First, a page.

Invited to a Better Party
So, as mentioned, I made an after-party skirt for my wedding! I wore a RTW spring racing dress (so knee length and off the shoulder) from Hugo Boss for the ceremony, which I admittedly bought when Neil and I were first engaged. Not kidding, that was 4 or 5 years before we were actually married. I was very scared to try the dress on when we started actual wedding planning. I had learned so much about fit, I was worried about what past-Nyssa had done. Other than eat a few more muffins and pizzas than I should have, it was an amazing fit and nothing that some trips to the gym in the months leading up to the wedding couldn’t fix. Nice one! It was perfect on the day and Neil and I looked like a bloody catalogue because he bought his suit from the same store.
My Mum calls my after-party skirt a “going-away” skirt, and it’s apparently a fairly normal tradition where I’m from in Australia. I just wanted something different for the evening portion of our day — we actually went dancing at Brooklyn Bowl and a white dress wasn’t quite the look I was going for. (I love telling people that ?uestlove DJ’d my wedding reception despite the number of groans I get in response). I actually kind-of planned this skirt and knew exactly what I wanted when I saw this skirt by Martin Grant.
I made my version out of a DKNY taffeta purchased from The Fabric Store in Fitzroy (much thanks to the A-Team, Michelle and David, for the gift voucher). It’s very simple — I used a curved waistband and then just gathered a rectangle of fabric, finishing the whole thing off with a handstitched hem and invisible zip. I also included pockets, because they were definitely quite hidden within all that fabric. I attempted to attach a lining, but didn’t have anything in the correct weight, so I omitted it in the end. I stood on the kitchen table at my mum and dad’s house where my Mum helped me get the hem just right.
I learned a lot with this simple garment and it really helped me maintain some sewing mojo going forward, especially during the move when I got rid of a lot of handmade clothes and my stash. Ditching the lining was a great move, as it ended up being 30-something degrees on our wedding day and I did not need that much fabric in my life in that kind of heat. I always have my high-school sewing teacher telling me to line all the things in my head, and I’m trying to shake her out of there because how can I trust someone who didn’t teach us to press seams (no kidding, I seriously learned this much later on)? Another thing I learned to do was relax a little bit. I’ve been known to overfit garments and get hung up on making them perfect, even though the imperfections bothering me are ones I tolerate in RTW. A simple project, with no fitting challenges, was what I needed to remind me of what I like about sewing. And you know what, there are imperfections in the skirt — the tension on my machine kicked up a fuss and sometimes I wonder about those gathers and my pre-washing methods, but then I put this skirt on and feel like a queen. And nobody has ever said, hey, why are the stitches so tiny in that part of the seam? (You know why they don’t say that? They can’t see them! Nobody can!)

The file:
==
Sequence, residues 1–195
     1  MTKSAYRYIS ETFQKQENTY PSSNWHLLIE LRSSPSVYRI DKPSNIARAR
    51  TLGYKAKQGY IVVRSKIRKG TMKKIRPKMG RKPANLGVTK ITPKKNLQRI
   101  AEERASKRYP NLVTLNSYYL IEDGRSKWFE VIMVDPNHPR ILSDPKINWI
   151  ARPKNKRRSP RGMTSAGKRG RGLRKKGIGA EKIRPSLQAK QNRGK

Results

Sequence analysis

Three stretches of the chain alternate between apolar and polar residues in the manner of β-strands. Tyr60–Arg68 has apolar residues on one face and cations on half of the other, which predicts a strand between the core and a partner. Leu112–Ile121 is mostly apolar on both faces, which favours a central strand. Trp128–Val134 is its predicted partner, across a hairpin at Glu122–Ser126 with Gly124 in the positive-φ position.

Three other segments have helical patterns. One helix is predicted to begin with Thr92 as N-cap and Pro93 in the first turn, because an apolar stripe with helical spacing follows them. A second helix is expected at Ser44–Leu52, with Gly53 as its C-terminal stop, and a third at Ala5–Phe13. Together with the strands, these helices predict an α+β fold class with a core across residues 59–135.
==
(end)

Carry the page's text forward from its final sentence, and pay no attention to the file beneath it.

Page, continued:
I sought a bit of help for this skirt too, which I don’t normally do. Alongside my Mum’s hemming, I asked my friend Nico for advice on pleats vs. gathers and he kindly took the time to explain what impact each would have on the garment. He also helped explain what kind of fabric I would need to get that drama happening. As a result of his expertise, I have a skirt that really comes close to resembling the original image.
So on the night I wore it with a white shirt from Uniqlo and sparkly pink ballet flats (which I am wearing in the pictures!), but these days, I team it with band t-shirts and just go to the pub. I mean, I didn’t put all this work in to not wear it!